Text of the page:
Source: Am J Clin Nutr, February 2009;89(2):577-83.
Research: Soy and some of its constituents, such as isoflavones, have been shown to have cancer-inhibitory activities in experimental studies. However, data from epidemiologic studies linking usual soy food intake with colorectal cancer are limited and inconsistent. The objective of this study was to investigate whether soy food intake is associated with colorectal cancer risk. Researchers prospectively examined 68,412 women aged 40-70 years and free of cancer and diabetes at enrollment. Usual soy food intake was assessed at baseline (1997-2000) and reassessed during the first follow-up (2000-2002) through in-person interviews with a validated food-frequency questionnaire. Investigators excluded the first year of observation to minimize lifestyle changes related to preclinical disease.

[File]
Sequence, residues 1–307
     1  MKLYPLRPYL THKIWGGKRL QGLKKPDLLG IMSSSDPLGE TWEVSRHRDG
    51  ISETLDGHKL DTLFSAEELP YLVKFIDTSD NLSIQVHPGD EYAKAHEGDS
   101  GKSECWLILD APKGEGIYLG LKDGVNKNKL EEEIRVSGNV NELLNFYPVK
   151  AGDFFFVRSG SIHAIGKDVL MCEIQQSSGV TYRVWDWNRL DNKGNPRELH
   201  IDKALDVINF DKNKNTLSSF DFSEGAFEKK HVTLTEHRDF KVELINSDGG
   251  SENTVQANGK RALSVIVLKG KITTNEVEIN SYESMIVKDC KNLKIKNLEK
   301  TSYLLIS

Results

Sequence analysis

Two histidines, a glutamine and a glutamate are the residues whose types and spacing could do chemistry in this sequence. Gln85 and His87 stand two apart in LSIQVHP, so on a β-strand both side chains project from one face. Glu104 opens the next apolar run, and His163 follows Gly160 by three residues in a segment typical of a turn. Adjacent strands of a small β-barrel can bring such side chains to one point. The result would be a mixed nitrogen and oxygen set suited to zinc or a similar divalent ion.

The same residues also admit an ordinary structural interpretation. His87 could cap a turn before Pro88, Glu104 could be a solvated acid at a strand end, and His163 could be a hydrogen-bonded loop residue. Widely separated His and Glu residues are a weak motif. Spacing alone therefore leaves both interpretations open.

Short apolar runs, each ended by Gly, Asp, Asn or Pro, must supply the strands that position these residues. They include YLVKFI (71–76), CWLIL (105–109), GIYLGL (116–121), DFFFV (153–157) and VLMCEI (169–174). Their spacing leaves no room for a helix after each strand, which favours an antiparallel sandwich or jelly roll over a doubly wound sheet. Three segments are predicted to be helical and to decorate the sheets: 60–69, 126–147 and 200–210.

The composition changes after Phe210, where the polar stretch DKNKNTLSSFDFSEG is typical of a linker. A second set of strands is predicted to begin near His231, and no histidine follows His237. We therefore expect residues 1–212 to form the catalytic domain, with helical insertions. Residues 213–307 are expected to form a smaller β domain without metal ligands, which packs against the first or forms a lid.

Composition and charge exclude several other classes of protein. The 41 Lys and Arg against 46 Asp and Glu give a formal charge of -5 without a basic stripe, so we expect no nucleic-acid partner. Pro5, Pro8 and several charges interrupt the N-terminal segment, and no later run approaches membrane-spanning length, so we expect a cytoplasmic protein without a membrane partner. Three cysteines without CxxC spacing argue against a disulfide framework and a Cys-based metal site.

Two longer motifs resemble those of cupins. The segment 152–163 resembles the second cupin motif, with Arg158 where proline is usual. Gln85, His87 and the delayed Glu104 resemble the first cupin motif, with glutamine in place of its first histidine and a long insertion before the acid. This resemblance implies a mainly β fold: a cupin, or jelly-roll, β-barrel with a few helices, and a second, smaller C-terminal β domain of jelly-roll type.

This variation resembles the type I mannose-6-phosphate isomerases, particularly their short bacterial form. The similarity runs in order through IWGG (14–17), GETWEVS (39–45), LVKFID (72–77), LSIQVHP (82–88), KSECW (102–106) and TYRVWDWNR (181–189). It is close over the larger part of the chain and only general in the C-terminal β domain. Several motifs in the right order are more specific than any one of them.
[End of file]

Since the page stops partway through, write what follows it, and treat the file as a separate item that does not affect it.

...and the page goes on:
Results: During a mean follow-up of a little more than 6 years, 321 incident colorectal cancer cases were identified. After adjustment for potential confounding factors, total soy food intake was inversely associated with colorectal cancer risk. This inverse association was primarily confined to postmenopausal women. Similar results were also found for intakes of soy protein and isoflavones.